But your tech savvy appears to be stuck in about 1995 DOS, just like your economic philosophy is mired in 1984 trickle-down goo, Garth.

You Boomers are SO CUTE!!!

A heads up, then, is in order, Garth:

I use the internet using TOR-supported VPN accounts that relay and interface with other IP addresses. Like most tech savvy millennials, I don’t trust the Boomer-led mega corps that are behind the internet, trying to steal our data.

The VPNs that I employ rotate through a range of accounts, but usually emit just a couple of stable IP addresses. Sometimes the cleverer ones even tag along with other user accounts for free.

The last one I’ve been using has at last call about 13,864 users in my geographical area. So maybe those other posters you mentioned are also linked – sounds likely.

Sounds like you are making a leap from your techno-illiterate surveillance to some sort of ad hominem attack against younger people with a different viewpoint.

Putting aside for the moment that this might be considered kinda creepy of you, I do find your error and assumption highly amusing!!

You Boomers can be ADORABLE!! :) :)

My generation will try to remember that next year when we end up having to change your diapers!

(You remind me, Garth, of my grandpa. Last summer he called me up, saying I should rush down the road to his home, two hours away, because there was a great deal on an amazing piece of technology at his neighbour’s garage sale, only $40. It was a 1998 Palm Pilot. LOLOL!!)

#189 maxx on 10.21.17 at 12:54 pm

Excellent! I’d like to modify a few words from page 4:

• The amount of FIRE industry
debris is rising
rapidly, jeopardizing
the safety of our
economy and the country’s future

•FIRE industry debris removal
should be one of the tptb operations main
objectives (light years away)

•Even though Canis Major’s nose is cyclically (4 year periods) rubbed into the debris, no effective solutions have yet been devised. Plans are tabled to rename the constellation, given suspicions that it does not contain the brightest star. Siriusly.

#190 dumpster fire on 10.21.17 at 12:57 pm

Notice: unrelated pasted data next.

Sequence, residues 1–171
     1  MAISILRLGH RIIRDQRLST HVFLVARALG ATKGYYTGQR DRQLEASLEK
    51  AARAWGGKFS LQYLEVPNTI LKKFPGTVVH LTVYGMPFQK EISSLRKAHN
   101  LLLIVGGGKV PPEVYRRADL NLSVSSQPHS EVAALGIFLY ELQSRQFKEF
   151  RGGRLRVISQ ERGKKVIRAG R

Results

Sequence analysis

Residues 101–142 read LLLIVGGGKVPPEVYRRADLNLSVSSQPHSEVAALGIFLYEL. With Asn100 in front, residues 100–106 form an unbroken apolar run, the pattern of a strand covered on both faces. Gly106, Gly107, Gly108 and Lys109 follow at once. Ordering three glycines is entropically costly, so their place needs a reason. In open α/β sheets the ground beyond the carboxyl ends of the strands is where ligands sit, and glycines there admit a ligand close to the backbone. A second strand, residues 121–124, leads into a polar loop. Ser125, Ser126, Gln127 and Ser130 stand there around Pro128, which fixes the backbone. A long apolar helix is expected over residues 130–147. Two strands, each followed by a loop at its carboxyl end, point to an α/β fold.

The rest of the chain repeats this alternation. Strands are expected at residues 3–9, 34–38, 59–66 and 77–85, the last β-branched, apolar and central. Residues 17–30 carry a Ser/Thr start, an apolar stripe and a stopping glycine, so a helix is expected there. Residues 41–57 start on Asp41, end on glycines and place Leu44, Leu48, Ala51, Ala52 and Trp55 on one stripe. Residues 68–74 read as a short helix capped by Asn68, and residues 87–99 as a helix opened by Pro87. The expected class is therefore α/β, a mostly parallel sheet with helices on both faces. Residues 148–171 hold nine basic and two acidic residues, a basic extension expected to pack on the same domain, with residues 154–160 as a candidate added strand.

I’m a little confused about this part of the B-20 post from a couple days back:
“Soon we’ll have a universal stress test, applicable to everyone regardless of how big a down payment they have in their jeans. […] Neither will having 50% to put down. And it doesn’t matter how much money the bank of Mom slipped you.”

If we have two people with identical finances, except that one has a larger down payment, then the one with more down would still qualify for a larger mortgage, right? Seems like B-20 will more adversely affect people with lower income (and borrowed/gifted down payment) if that’s the case.

Am I reading this correctly?

~ breathe deep

Yes. The more money you must borrow, the more income you require to pass the test. — Garth

#191 Ronaldo on 10.21.17 at 1:18 pm

#169 crowdedelevatorfartz on 10.21.17 at 8:39 am

@#130 Cowtown Cowboy

So your wife just laid off and you’re not working and you want to wrap a 70 debt in with your 260k mortgage…….330k at 3.3% fixed rate for 5 years
And you’re both still out of work
here’s another option.

Sell.
Take whats left over and invest it
Move to where there is work.
rent.
————————————————————
Best advice yet. Last thing you want to do is to tie yourself into a locked in mortgage with no jobs. Yikes.

#192 DON on 10.21.17 at 1:21 pm

#188 Millennial Realist on 10.21.17 at 12:52 pm

Like I said, Boomers have just a few years to act in good faith to right this wrong. If they do not, it will be too late. Watch out for inheritance taxes, higher capital taxes and more.

It’s called democracy, Boomers, and its coming after you.

Be part of the change, or be run over by it.

Enjoy the illusion that you have a choice, while you still can………………………………

You also post as ‘Trumpocalypse2017’ and “A dollar is a Dollar is a Dollar.” It’s fun playing dressup on the Internet, isn’t it, son? — Garth
————————————————–

Nope. Those are not my posts. Just this moniker.

At first, your comment seemed really odd, Garth.